Weekly Column from the Executive Director of Schools, Diocese of Parramatta
There have been huge improvements in technology in a short period of time. Today, we can purchase a terabyte hard-drive for under $100. This would have been inconceivable twenty years ago. As technology improves, the costs decrease. And while that’s good news, for many families with school-aged children, technology costs can still be a significant part of the family budget, particularly when there are multiple children needing different devices for learning.
Technology, like electricity and water, is a commodity in today’s world. We live in an age where we are all dependent on technology for so many things including communication, business and learning. Unfortunately, rising prices do have an impact on household budgets for many families. It’s important for schools, sectors and governments to be mindful of keeping technology costs as low as possible to ensure equitable access to devices and software for learning. Every child deserves to have access to the tools they need to learn.
Digital literacy is a critical skill that all learners, regardless of where they live or the school they attend, must develop throughout schooling. The challenge for schools is technology options for families or appropriate support that allows all students to be able to access devices in and outside of school hours.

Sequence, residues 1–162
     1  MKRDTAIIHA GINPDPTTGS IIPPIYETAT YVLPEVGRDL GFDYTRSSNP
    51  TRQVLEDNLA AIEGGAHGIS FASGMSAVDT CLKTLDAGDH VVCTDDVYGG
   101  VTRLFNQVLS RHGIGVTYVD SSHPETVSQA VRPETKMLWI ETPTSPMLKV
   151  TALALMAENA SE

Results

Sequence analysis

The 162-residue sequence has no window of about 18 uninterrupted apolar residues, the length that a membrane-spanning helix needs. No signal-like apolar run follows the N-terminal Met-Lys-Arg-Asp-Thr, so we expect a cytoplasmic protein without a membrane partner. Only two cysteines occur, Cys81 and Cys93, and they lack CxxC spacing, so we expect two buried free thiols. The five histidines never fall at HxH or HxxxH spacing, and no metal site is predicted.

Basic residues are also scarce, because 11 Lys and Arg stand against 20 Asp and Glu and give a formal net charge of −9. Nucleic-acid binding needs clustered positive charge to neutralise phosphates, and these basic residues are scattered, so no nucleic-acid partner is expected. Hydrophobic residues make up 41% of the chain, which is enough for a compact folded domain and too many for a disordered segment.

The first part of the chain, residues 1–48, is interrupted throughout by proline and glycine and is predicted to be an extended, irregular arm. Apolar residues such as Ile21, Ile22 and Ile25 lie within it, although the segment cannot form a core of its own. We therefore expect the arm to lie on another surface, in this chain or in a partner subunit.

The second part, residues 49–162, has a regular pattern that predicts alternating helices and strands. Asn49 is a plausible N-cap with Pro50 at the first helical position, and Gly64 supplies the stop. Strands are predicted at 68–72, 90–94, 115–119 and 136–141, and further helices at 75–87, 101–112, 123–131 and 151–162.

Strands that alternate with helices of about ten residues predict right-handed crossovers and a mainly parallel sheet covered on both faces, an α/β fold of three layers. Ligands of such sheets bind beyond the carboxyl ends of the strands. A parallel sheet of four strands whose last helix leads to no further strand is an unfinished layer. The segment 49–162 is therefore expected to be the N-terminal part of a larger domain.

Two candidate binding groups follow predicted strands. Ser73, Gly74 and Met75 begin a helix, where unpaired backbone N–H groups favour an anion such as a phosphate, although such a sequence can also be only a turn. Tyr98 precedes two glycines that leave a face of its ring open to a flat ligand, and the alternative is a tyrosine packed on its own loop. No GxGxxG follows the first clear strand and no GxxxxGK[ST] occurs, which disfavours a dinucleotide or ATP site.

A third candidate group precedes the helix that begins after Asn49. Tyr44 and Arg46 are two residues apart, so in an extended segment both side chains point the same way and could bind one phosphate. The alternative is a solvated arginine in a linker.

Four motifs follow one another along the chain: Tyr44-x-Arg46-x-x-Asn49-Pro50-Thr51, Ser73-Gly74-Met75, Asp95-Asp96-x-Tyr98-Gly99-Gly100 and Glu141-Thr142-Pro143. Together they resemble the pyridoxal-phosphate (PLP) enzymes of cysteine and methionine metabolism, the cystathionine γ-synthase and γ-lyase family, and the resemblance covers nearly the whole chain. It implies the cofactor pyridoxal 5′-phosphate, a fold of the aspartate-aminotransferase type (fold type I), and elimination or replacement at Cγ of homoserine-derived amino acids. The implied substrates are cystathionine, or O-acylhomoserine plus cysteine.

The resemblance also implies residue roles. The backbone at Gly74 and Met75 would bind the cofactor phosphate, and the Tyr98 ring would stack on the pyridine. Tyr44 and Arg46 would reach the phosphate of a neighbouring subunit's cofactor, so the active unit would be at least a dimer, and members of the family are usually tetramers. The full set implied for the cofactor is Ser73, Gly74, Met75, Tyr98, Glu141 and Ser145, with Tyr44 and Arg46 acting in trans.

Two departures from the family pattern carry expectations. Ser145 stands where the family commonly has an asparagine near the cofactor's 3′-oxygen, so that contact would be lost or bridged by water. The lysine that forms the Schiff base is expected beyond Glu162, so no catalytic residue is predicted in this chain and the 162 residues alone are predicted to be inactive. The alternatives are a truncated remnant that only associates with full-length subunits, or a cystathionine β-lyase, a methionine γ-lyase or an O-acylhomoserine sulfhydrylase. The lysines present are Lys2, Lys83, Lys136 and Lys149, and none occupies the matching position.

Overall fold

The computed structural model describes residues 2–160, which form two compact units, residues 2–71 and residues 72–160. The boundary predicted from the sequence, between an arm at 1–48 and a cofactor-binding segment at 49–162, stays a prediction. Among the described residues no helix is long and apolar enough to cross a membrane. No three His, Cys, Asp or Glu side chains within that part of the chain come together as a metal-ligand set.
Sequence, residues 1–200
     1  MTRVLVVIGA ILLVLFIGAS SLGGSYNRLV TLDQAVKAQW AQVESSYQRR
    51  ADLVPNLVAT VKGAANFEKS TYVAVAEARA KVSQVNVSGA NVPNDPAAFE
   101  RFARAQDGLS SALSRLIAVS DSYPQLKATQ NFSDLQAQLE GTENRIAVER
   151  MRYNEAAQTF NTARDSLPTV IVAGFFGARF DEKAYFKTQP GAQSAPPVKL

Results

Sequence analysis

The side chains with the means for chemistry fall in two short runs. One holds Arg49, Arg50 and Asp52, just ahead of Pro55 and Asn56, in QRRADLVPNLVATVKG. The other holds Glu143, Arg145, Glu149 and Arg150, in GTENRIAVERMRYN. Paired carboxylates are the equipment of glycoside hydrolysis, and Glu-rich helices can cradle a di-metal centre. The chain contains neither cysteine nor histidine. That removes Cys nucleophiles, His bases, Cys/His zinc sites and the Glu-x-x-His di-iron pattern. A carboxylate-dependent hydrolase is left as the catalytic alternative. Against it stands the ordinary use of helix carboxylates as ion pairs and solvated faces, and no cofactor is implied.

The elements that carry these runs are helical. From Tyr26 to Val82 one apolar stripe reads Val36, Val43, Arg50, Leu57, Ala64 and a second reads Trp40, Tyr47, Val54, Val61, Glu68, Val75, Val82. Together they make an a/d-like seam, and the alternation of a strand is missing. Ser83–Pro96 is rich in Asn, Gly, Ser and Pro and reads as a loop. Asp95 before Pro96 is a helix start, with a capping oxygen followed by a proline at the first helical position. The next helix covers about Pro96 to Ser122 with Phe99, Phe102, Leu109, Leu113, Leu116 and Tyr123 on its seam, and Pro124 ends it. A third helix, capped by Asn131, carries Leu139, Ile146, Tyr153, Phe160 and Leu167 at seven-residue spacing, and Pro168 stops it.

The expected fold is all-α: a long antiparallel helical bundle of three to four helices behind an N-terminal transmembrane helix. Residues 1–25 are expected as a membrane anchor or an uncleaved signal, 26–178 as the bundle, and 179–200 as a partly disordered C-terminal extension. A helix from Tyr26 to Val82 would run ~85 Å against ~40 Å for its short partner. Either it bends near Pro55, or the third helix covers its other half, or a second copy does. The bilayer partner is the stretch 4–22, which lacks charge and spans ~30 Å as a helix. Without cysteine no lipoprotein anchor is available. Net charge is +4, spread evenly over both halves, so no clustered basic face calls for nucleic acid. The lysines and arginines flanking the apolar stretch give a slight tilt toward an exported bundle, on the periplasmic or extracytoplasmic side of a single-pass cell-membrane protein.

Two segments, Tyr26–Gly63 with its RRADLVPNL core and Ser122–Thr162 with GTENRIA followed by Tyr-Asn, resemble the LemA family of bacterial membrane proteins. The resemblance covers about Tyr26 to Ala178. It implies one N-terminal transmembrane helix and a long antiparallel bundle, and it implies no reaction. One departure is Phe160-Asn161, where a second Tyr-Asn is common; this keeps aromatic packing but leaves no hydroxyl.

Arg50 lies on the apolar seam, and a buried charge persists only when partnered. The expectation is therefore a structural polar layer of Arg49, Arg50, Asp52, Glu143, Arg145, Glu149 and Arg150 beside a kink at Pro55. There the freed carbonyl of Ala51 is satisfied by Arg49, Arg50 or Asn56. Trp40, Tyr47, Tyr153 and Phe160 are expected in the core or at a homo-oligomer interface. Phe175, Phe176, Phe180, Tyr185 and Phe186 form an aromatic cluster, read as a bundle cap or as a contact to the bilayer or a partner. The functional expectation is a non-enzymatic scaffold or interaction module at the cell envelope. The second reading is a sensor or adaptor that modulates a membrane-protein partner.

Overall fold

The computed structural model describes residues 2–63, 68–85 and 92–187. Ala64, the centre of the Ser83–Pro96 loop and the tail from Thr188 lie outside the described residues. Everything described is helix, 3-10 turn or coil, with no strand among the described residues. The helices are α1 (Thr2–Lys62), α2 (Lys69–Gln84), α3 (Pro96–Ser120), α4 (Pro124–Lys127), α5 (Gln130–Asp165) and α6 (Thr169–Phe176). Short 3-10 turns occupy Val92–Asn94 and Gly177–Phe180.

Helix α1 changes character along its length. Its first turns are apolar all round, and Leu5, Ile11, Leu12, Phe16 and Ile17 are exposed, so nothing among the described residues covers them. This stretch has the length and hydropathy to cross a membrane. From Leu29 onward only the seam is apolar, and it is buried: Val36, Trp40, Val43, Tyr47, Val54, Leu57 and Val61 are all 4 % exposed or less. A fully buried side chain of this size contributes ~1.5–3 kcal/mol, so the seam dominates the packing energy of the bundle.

And while devices are essential, connectivity is central to everything, particularly for schools. One of the features of high performing nations like Singapore and Hong Kong is their internet connection speed. As Australian schools and learners use more sophisticated wireless devices, reliable connectivity, particularly in regional and remote areas, will be non-negotiable.
We’re told the 5G network will be a game-changer in terms of speed and having the capacity for all wireless devices to connect to the network. I hope so. Better connectivity will enhance the ways in which students learn within and beyond the school in a world where knowledge, resources and problem-solving initiatives are increasingly shared.
Just as electricity and water can be considered basic human rights, access to technology has become one also. The current debate over electricity prices in Australia reminds us of the need for sound policies and provisions that ensure no learner or school gets left behind in a hyper-connected digital world.
Executive Director of Schools – Diocese of Parramatta